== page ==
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Apr 11

Dead Alive (1992)

With Mother’s Day soon approaching, I thought I would review a film about the relationship between mother and child. Which film, though? Finding a suitable candidate shouldn’t be too much trouble; after all, there are countless memorable screen mothers to choose from. I could write about Bambi’s mom… but she meets an untimely end that managed to traumatize an entire generation of children. I could write about Kevin McCallister’s mom… but she misplaces her son when she goes on vacation, twice. I could write about Norman Bates’ mom… but he murders her and dresses up in her clothes when he kills women he likes. I guess there is no perfect mother-child relationship. So how about we go with an exceedingly unusual one, the relationship between living child and zombie mother, as featured in the cult favorite Dead Alive (originally titled Braindead)?

Set in 1950s New Zealand, Dead Alive centers on the blossoming romance between a gentle young man, Lionel Cosgrove (Timothy Balme), and the exotic woman he fancies, Paquita (Diana Peñalver). Lionel’s mother (Elizabeth Moody), however, is displeased with the relationship. No relationship will ever do, really, as she selfishly wishes to keep her son all to herself. Unfortunately for Paquita, Lionel appears content wriggling about the few millimeters between the ground and his heavy-handed mother’s weighty thumb. Things are further complicated when Lionel’s mother is accidentally bitten by a Sumatran rat-monkey (yes, you read that right) and develops a nasty case of zombititus. Lionel, the loving son that he is, ultimately decides to tend to his zombie mother and her exponentially growing number of flesh-chomping victims, while simultaneously continuing to woo an oblivious Paquita.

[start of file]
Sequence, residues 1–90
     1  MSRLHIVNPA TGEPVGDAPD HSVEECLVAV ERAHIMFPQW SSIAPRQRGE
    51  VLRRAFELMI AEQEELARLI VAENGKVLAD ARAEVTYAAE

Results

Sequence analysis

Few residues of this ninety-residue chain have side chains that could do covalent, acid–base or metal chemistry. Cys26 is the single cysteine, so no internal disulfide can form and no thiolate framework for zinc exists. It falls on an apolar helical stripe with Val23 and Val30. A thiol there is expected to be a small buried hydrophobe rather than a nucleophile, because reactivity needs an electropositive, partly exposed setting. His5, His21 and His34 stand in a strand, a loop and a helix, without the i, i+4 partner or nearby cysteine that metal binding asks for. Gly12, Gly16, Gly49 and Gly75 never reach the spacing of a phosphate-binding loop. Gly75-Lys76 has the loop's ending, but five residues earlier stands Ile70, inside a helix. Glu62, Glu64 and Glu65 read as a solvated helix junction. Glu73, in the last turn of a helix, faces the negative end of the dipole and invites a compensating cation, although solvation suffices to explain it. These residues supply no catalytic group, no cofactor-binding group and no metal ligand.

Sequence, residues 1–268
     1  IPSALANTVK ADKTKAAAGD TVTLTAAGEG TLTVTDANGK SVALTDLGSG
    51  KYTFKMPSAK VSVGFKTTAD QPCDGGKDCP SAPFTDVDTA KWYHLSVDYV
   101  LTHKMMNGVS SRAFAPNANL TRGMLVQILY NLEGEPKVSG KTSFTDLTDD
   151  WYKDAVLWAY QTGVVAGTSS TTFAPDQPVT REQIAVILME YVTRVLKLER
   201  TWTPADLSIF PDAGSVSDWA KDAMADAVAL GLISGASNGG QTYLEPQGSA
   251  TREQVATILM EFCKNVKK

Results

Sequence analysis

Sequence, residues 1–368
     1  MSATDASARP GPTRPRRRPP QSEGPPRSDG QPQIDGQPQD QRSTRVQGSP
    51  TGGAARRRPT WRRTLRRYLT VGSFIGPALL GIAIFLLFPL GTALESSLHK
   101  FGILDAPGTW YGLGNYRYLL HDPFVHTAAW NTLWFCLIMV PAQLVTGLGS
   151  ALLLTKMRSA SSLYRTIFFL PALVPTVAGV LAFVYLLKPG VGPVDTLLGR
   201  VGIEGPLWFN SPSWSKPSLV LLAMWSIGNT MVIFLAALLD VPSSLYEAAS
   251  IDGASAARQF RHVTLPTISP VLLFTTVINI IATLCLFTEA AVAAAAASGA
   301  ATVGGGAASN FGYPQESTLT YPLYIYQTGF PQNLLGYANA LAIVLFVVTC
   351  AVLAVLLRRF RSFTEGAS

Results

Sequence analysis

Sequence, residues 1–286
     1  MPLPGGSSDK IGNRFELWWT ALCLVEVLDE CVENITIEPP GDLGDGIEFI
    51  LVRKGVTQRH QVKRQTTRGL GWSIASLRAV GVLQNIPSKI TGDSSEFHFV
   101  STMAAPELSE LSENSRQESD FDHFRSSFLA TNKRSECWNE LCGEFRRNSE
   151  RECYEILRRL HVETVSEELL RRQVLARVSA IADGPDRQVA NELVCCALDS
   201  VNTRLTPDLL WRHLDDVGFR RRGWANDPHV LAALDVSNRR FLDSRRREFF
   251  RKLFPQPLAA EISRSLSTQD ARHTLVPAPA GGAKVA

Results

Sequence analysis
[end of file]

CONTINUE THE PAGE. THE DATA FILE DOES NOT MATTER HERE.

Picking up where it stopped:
Quirky premise? By golly, yes. Outlandish situations? Most certainly. Too much nonsense for one film? I suppose it would have been, had it not proved to be so many buckets of fun! And blood. Lots of blood. To be sure, Dead Alive is a gory, gory romp. Still, director Peter Jackson, of The Lord of the Rings trilogy (2001-2003) fame, makes it work because he is fully cognizant of the material he’s working with, masterfully harnessing its utter preposterousness. With its tongue firmly in cheek, Dead Alive is stylishly reminiscent of Sam Raimi’s earlier, yet equally enjoyable, The Evil Dead trilogy (1981-1992). A word of warning, though: packing an unholy amount of gore, Dead Alive is not for those who get woozy at the sight of a single drop of blood. However, special effects remain delightfully shoddy, so queasy stomachs shouldn’t be too bothered. Another plus: unlike most of its horror kin, Dead Alive has the decency to avoid ending with a sequel-setting cliffhanger.

According to psychoanalyst Sigmund Freud (in Three Contributions to the Theory of Sex, 1930), overbearing mothers mess up their children by rousing within them an insatiable appetite for affection. Despite this dire prediction, Lionel appears to have survived his mother’s suffocating approach to parenting, at least to a certain extent. He has been dominated by his mother his entire life, even throughout adulthood. During the film’s over-the-top crescendo, he is literally consumed by her. But with a few swift and cathartic waves of a knife, Lionel manages to escape his mother’s entrails for the second time in his life (this time definitively leaving the proverbial umbilical cord behind). He emerges a new, independent man. Now, what is Mother’s Day if not the celebration of mothers who have successfully raised self-reliant children who would, if brought to it, viciously slay their zombified carcasses in self-affirmation?

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